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Israel Journal of Health Policy Research

, 5:64

First Online: 21 December 2016Received: 25 November 2015Accepted: 22 November 2016DOI: 10.1186-s13584-016-0119-y

Cite this article as: Boas, H., Rosenthal, A. & Davidovitch, N. Isr J Health Policy Res 2016 5: 64. doi:10.1186-s13584-016-0119-y

Abstract

BackgroundDuring the summer of 2013, after samples of poliomyelitis virus were found in sewage, Israel launched an intensive national oral polio vaccine OPV campaign. The clinical objective of the campaign was rather clear. With not a single case of infantile paralysis and with a population already highly protected with IPV a dead version of the vaccine, the goal was to foster collective immunity so that risk populations could also be protected. This, however, entailed a rather unusual issue: how to persuade parents whose children already received an IPV to re-vaccinate their children, now with a live yet attenuated version of the virus that was excluded from the national vaccination program in 2004. The challenge therefore was a call for social solidarity - asking parents to vaccinate their children mainly for the sake of protecting unknown at risk populations and to take part in the larger global goals of the polio eradication program. This challenge stands at the core of our investigation. We see the OPV campaign of summer 2013 as a good case study of the tension between individualism and social solidarity in seeking the cooperation of the public.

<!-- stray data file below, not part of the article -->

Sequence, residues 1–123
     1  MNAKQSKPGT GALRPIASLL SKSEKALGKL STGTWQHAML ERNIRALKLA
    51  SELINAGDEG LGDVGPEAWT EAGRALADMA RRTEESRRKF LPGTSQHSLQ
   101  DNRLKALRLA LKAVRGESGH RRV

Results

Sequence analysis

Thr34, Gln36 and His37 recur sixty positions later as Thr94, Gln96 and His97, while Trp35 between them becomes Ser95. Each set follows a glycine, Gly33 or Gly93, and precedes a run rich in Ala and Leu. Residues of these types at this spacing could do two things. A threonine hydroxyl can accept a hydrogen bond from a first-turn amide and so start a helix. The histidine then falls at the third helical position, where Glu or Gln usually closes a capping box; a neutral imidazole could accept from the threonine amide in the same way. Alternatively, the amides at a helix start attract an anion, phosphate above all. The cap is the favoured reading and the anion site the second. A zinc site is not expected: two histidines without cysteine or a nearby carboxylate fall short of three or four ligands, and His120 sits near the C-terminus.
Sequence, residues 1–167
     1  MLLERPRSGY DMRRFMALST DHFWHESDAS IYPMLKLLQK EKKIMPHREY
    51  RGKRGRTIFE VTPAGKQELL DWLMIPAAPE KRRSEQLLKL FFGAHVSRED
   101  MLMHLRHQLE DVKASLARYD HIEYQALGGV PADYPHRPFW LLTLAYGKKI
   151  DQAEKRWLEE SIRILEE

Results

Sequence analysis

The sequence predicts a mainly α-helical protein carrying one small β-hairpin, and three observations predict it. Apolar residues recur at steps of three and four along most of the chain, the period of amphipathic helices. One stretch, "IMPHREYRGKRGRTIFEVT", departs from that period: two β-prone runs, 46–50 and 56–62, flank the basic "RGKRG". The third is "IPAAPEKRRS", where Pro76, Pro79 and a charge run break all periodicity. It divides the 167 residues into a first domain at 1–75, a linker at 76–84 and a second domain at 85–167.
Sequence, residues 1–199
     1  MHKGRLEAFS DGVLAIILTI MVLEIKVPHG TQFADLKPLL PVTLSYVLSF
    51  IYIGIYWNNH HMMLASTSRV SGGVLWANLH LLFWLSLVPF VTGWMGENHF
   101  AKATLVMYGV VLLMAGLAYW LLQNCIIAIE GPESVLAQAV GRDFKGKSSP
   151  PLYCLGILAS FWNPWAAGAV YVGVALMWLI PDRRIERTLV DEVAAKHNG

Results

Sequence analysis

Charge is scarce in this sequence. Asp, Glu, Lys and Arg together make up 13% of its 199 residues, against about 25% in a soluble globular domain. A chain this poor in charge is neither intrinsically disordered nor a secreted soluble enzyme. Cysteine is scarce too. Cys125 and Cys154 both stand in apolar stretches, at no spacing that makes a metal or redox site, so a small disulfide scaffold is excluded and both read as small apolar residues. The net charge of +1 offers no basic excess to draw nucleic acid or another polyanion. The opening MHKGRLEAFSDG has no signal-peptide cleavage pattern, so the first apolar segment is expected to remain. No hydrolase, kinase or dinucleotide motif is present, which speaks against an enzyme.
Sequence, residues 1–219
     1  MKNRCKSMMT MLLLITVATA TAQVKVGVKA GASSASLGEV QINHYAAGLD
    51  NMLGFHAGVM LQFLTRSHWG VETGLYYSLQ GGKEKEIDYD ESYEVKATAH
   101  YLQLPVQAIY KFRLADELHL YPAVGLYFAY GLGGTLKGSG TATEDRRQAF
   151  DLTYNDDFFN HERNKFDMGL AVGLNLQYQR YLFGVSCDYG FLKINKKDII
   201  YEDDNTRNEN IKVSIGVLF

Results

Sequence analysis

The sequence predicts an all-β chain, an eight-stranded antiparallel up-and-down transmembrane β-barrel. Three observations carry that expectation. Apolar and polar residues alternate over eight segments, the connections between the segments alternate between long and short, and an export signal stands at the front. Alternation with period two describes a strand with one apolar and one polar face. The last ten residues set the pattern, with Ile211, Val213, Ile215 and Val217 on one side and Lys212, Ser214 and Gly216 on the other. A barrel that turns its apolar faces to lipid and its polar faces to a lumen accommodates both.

MethodsWe draw on a qualitative study that included participant observation, document reviews and interviews with policy-makers, parents, journalists, public health experts and community leaders. These data were analyzed in order to unravel the ways in which self-interest, community and solidarity were conceived by different agents during the vaccination campaign.

ResultsThe family as a metaphor for social solidarity was the main discursive item in the public campaign. Tensions, dissonances and inconsistencies were found between different registers and agencies as to what is at stake and what is required.

ConclusionsWe discuss the ethical and social implications of our findings in order to better understand how persuasion was used in the current case and for its future role in similar events, within and outside Israel, when global efforts to eradicate polio are ongoing.

A comment to this article is available at http:-dx.doi.org-10.1186-s13584-017-0147-2.

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Author: Hagai Boas - Anat Rosenthal - Nadav Davidovitch

Source: https://link.springer.com/







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